Last week Congress enacted its third Coronavirus supplemental bill in an effort to stabilize the country. The legislation limped out of Congress, requiring unusual voting procedures, a stifling of debate, and an almost unprecedented level of unanimity.
The Senate supplemental bill totals $2 trillion, the largest stimulus in our history. While the bill addresses somes issues critical to the preservation of life and functionality of the country — while missing others — Congress failed to provide sufficient funding for the Legislative Branch to ensure it can continue to operate during the crisis.
The appropriations division of the Senate’s bipartisan coronavirus aid and economic relief agreement contains $330 billion in new funding. Title IX of S. 3548 includes $93.1 million in funding for the Legislative Branch, a number that is far too low. It represents roughly 1/2000 of the expenditure.
Here’s the breakdown:
- The Senate received $10 million, one million to the Sergeant at Arms for teleworking and technology costs, and nine million miscellaneous emergency and staff reimbursement funding for child care center Senate employees starting on April 1, 2020.
- The House received $25 million that will remain available until September 30, 2021, for salaries and expenses related to teleworking capabilities like equipment and online network improvements.
- The Office of Attending Physician received $400,000 to help purchase medical supplies and protective equipment.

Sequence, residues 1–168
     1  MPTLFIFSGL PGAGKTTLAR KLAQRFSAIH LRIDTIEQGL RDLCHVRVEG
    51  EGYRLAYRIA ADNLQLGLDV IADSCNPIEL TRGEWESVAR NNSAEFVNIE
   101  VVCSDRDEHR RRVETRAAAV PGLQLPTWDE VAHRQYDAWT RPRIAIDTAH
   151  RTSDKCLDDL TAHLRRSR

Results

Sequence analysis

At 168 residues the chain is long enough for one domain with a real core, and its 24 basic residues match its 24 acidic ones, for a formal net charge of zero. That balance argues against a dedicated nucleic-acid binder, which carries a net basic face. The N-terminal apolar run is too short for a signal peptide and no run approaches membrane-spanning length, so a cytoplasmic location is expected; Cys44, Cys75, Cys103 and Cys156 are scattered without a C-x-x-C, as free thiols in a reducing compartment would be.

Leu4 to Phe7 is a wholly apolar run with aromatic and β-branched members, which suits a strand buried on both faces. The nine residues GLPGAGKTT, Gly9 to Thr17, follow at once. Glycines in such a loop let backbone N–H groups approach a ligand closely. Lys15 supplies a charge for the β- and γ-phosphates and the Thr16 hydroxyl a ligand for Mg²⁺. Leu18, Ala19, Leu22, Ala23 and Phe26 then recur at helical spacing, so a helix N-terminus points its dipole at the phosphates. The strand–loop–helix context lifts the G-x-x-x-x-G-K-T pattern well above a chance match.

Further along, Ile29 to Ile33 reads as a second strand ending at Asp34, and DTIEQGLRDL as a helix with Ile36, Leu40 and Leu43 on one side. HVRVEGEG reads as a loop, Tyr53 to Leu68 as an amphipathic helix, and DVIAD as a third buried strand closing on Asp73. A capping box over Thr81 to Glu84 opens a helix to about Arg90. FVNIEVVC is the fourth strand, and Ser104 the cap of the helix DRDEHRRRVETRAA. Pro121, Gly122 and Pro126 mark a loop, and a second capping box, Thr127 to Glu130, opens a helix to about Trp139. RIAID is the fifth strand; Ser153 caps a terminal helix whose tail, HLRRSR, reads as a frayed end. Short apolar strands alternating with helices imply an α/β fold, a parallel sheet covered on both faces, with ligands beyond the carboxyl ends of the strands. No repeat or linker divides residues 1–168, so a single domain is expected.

- U.S. Capitol Police will receive $12 million to maintain its current staffing levels and increase its teleworking support, even after USCP said they are not testing all of its officers for coronavirus.
- The Architect of the Capitol received $25 million to bulk purchase cleaning supplies and provide contracts to its employees.
- The Library of Congress received $700,000 to help reimburse the cost of staffing LOC’s Little Scholars Child Development Center. This will remain available until September 30, 2020.
- The Government Accountability Office received $20 million to conduct oversight. $600,000 of the funds will go to reimburse costs for staffing GAO’s Tiny Findings Child Development Center starting April 1 and ending September 30, 2020.
These funding levels are insufficient to fund the legislative branch based on current funding requirements, let alone to support the surge to remote working. The legislative branch has systematically been underfunded over the previous three decades, and it is not capable of providing the necessary support to personal, committee, leadership, support office, and support agency staff, let alone to address the broad oversight and constitutional challenges arising from the rushed expenditure of $2Trillion. Congress must provide more funds for the legislative branch in its next supplemental to adequately address these shortcomings.
— Written by Daniel Schuman and Taylor J. Swift